With his amnesia, for the first time he finds a sense of peace and happiness: our memories can paralyse us, so we are happier when we live in the present.  Yet Arthur has a nagging feeling that he has lost as much as he has gained.  Not liking what is going on in the place, and not trusting the institution’s director, he escapes and goes back to London to tell the police about the séance murder, only to find that they want to question him about another mystery entirely, the disappearance of the private detective who was briefly working for him.  With the police now involved, the murky trail leads to a ‘39 Steps’ type of organisation and a microfilm that must not leave the country.

The plot is creaky and full of implausibilities but the novel is interesting on a number of levels, for what it says about London during the Blitz (if not as graphic as Sarah Waters’ The Night Watch), and also for the philosophical themes that Greene raises and which are not amenable to easy answers.  One of these is the nature of crime and punishment.  Was his mercy killing justified?  Was it actually mercy for Arthur rather than his wife, and therefore a selfish act?  These are questions still asked in the euthanasia debate.

But even if Arthur is guilty, what is an individual homicide, or four or five, when mass-murder is being carried out on a state-organised industrial scale?  One difference Greene gives is that whereas individual killing is carried out for reasons of hate, or love, anyway with an emotional component, the impersonal killing of large numbers is about cold-blooded profit and advancement.  Willi cheekily asks Arthur how many senior British politicians had shaken hands with Hitler, not a popular topic to raise in 1943.  You feel that Greene is speaking through Willi and would concur with von Clausewitz’s dictum that war is merely a continuation of politics by other means.

Another theme is love and trust, the nature of betrayal, and how pity (such as for a terminally-ill wife) drives out love.  Can you trust even those closest to you when motives are opaque?  To what extent is love built on lies?  The novel concludes with Arthur pretending to Anna that he has not regained his memory, thereby committing them both to a lifetime of pretence.  She does not know that he knows he is a murderer, neither does she realise that he is aware of her acquiescence in her brother’s espionage activities.  They will achieve happiness based on a lie, she underestimating his strength of character in her desire to protect him from the pain of his past, he concluding that suffering for the living is some form of atonement to the dead.  Rather than the expected upbeat romantic conclusion – one seen in Fritz Lang’s 1944 film adaptation – Greene’s ending is surprisingly pessimistic.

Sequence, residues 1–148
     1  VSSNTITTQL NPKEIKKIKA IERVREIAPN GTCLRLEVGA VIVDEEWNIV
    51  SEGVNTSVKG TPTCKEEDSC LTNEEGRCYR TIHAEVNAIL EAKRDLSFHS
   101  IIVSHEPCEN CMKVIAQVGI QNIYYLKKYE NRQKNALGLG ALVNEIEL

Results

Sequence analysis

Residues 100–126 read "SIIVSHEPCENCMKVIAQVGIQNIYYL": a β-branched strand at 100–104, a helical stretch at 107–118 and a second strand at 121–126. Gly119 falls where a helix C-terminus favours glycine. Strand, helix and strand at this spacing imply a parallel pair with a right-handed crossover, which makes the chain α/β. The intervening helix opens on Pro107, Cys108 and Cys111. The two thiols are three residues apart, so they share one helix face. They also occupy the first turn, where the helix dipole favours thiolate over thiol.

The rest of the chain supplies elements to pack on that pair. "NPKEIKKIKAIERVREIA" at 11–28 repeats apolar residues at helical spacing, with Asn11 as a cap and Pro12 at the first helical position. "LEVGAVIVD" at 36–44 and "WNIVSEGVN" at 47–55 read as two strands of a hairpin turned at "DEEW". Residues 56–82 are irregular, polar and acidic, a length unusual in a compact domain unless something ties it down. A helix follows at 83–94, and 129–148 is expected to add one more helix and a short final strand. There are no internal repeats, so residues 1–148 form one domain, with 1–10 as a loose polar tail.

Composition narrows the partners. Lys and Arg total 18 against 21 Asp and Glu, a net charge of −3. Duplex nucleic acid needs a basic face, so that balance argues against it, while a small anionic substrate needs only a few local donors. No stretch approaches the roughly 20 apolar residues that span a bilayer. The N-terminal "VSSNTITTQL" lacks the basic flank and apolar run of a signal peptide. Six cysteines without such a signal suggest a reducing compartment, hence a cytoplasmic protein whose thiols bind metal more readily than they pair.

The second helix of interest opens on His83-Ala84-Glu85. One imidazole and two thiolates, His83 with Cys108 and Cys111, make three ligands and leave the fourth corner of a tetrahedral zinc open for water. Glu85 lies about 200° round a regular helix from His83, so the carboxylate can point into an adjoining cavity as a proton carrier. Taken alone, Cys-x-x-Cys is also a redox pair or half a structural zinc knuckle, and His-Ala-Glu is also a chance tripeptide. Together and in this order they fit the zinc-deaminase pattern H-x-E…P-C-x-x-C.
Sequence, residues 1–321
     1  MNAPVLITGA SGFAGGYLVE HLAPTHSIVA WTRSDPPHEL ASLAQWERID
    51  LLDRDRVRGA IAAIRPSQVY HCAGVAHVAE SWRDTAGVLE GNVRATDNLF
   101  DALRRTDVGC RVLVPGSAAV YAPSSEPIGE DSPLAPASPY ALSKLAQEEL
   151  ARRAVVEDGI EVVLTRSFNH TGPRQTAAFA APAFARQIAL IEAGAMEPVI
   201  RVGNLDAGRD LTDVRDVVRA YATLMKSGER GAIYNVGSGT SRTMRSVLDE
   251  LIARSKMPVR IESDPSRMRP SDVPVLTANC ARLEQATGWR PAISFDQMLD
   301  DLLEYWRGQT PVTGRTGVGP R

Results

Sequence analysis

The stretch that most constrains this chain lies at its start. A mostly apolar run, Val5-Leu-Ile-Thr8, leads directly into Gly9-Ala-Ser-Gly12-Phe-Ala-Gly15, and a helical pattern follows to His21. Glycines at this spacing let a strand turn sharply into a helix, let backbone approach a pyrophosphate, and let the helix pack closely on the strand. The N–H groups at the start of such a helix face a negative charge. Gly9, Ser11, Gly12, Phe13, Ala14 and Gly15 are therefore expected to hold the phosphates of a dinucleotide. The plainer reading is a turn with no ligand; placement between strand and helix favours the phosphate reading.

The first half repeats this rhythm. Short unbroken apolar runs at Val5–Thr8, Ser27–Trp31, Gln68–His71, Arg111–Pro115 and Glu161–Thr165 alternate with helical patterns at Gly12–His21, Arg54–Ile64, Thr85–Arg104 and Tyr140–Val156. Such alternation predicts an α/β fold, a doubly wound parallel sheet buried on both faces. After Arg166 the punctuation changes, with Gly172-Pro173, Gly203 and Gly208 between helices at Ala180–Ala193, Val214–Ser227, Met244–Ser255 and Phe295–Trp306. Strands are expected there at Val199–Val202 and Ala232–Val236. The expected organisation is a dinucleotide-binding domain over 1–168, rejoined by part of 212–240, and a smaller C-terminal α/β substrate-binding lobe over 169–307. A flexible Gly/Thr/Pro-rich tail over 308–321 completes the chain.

Over the course of the novel Arthur has travelled from a state of apathy, sitting out the war, feeling useless and unwanted, to someone acting vigorously to do his bit in the fight against Nazism, not for some abstract ideological reason but because it has impinged on him personally.  The Ministry of Fear is a slippery title, partly referring to the enemy spy ring, partly to the state of mind inculcated by the war.  But as Arthur comes to understand at the end, it encompasses everyone who loves, because to love is, in one way or another, to know fear.